With only a yellowing photograph in hand, a young man — also named Jonathan Safran Foer — sets out to find the woman who may or may not have saved his grandfather from the Nazis. Accompanied by an old man haunted by memories of the war; an amorous dog named Sammy Davis, Junior, Junior; and the unforgettable Alex, a young Ukrainian translator who speaks in a sublimely butchered English, Jonathan is led on a quixotic journey over a devastated landscape and into an unexpected past.

John Irving: In One Person

I think I have raved so much about this novel that I hardly need to continue to do so before I actually pick up the book and read it and find out if it’s actually rave-worthy. Suffice to say, I bought it.

A compelling novel of desire, secrecy, and sexual identity, In One Person is a story of unfulfilled love—tormented, funny, and affecting—and an impassioned embrace of our sexual differences. Billy, the bisexual narrator and main character of In One Person, tells the tragicomic story (lasting more than half a century) of his life as a “sexual suspect,” a phrase first used by John Irving in 1978 in his landmark novel of “terminal cases,” The World According to Garp. His most political novel since The Cider House Rules and A Prayer for Owen Meany, John Irving’s In One Person is a poignant tribute to Billy’s friends and lovers—a theatrical cast of characters who defy category and convention. Not least, In One Person is an intimate and unforgettable portrait of the solitariness of a bisexual man who is dedicated to making himself “worthwhile.”

China Miéville: Railsea

I’ve read Un Lun Dun and The City & The City and really liked them both. I’m so very impressed by Miéville’s creativity and his ability to use his creativity to create unique settings for his stories. So when I spotted his new novel, it too made it’s way home with me.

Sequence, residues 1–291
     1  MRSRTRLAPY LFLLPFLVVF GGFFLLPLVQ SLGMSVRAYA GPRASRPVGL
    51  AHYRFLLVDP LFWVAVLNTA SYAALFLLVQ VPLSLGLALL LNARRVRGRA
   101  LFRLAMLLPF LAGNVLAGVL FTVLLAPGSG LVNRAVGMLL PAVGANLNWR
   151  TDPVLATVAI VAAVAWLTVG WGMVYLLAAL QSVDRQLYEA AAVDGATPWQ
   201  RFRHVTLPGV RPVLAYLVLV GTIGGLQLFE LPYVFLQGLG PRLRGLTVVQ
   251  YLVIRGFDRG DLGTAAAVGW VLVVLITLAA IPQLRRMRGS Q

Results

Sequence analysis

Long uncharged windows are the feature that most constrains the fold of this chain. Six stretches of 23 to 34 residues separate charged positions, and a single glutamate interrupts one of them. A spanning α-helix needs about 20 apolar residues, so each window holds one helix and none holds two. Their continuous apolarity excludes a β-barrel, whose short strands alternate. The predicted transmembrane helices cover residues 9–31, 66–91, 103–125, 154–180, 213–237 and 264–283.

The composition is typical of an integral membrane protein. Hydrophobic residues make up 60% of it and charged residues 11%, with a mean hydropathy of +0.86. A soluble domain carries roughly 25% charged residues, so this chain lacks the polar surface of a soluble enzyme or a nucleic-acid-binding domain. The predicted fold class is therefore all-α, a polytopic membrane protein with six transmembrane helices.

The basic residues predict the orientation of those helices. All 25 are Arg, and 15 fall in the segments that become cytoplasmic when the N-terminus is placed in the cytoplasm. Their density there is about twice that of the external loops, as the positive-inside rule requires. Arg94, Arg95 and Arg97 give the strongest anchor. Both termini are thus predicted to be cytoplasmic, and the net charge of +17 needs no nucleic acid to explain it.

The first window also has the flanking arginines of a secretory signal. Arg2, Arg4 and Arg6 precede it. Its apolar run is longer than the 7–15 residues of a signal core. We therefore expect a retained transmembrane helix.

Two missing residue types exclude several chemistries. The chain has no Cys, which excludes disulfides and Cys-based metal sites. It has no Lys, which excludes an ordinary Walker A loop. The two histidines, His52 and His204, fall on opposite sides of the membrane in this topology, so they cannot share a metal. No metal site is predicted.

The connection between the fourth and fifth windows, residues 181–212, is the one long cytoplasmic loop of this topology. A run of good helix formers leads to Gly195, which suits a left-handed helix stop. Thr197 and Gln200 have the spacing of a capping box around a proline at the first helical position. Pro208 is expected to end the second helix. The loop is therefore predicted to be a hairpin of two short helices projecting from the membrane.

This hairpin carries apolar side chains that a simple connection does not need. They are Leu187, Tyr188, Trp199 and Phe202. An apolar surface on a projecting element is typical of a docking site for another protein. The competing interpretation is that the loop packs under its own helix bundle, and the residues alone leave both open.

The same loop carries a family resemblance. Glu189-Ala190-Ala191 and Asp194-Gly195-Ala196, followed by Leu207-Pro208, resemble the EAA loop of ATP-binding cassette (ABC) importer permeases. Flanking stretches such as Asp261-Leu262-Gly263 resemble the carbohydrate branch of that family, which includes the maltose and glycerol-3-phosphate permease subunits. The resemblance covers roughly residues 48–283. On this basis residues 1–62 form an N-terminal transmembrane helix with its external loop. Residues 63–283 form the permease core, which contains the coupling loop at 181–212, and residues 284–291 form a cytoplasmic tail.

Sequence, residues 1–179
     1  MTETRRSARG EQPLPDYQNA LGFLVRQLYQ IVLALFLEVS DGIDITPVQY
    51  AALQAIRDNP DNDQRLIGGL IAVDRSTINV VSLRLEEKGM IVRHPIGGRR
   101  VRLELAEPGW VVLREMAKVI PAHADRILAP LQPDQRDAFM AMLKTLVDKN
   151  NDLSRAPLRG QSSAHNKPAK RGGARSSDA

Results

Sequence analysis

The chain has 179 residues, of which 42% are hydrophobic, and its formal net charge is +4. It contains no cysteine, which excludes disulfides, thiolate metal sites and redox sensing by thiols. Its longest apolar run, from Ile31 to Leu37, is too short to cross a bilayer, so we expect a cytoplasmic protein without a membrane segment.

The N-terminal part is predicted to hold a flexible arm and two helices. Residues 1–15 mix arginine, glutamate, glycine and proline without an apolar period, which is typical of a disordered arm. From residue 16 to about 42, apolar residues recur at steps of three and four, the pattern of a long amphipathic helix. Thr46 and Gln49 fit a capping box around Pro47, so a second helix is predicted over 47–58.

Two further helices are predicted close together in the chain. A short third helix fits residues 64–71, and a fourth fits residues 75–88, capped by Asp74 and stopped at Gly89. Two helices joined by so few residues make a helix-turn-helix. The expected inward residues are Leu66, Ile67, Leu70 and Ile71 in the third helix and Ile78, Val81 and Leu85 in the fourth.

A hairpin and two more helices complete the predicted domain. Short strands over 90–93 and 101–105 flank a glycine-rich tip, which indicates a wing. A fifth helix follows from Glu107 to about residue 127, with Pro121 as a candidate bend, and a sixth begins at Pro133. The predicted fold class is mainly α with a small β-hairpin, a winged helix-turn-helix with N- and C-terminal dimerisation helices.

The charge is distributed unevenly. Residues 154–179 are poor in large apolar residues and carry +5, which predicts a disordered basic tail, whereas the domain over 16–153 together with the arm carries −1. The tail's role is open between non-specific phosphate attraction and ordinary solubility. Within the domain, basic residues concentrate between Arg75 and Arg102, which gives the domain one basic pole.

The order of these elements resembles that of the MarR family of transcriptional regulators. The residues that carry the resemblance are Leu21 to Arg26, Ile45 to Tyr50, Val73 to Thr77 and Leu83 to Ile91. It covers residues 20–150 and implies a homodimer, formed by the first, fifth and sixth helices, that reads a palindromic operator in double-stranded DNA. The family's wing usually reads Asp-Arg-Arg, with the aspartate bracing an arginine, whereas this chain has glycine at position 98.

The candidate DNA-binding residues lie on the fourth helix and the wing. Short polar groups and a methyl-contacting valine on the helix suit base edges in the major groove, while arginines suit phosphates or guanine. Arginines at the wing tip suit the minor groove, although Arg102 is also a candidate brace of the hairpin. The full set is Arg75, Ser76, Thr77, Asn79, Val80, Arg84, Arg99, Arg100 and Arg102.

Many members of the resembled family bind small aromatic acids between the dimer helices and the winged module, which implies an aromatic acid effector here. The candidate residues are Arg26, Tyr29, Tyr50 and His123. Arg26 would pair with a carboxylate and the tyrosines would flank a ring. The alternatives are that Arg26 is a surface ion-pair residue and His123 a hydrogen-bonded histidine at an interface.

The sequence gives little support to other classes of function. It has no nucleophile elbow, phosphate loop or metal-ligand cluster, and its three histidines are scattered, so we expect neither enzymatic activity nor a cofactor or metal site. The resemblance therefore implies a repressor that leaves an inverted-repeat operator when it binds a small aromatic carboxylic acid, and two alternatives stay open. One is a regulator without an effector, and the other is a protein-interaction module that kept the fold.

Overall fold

On board the moletrain Medes, Sham Yes ap Soorap watches in awe as he witnesses his first moldywarpe hunt: the giant mole bursting from the earth, the harpoonists targeting their prey, the battle resulting in one’s death and the other’s glory. But no matter how spectacular it is, Sham can’t shake the sense that there is more to life than traveling the endless rails of the railsea–even if his captain can think only of the hunt for the ivory-coloured mole she’s been chasing since it took her arm all those years ago. When they come across a wrecked train, at first it’s a welcome distraction. But what Sham finds in the derelict—a series of pictures hinting at something, somewhere, that should be impossible—leads to considerably more than he’d bargained for. Soon he’s hunted on all sides, by pirates, trainsfolk, monsters and salvage-scrabblers. And it might not be just Sham’s life that’s about to change. It could be the whole of the railsea.

So that’s it for me. These were my new acquisitions. Such great books. But this also means that my to-read list is back up at 179 books again – not including The Flame Alphabet since I haven’t gotten it into my home yet. But 179 … so back to working my way back again… (But great, great books!!!)

Btw – if anyone is interested in a Wordsworth Classics version of Lewis Carroll’s Alice in Wonderland (paperback), never been read, I have one to spare now I got the Hardcover complete and illustrated one. Let me know and it’s yours for the taking. 🙂

Related posts: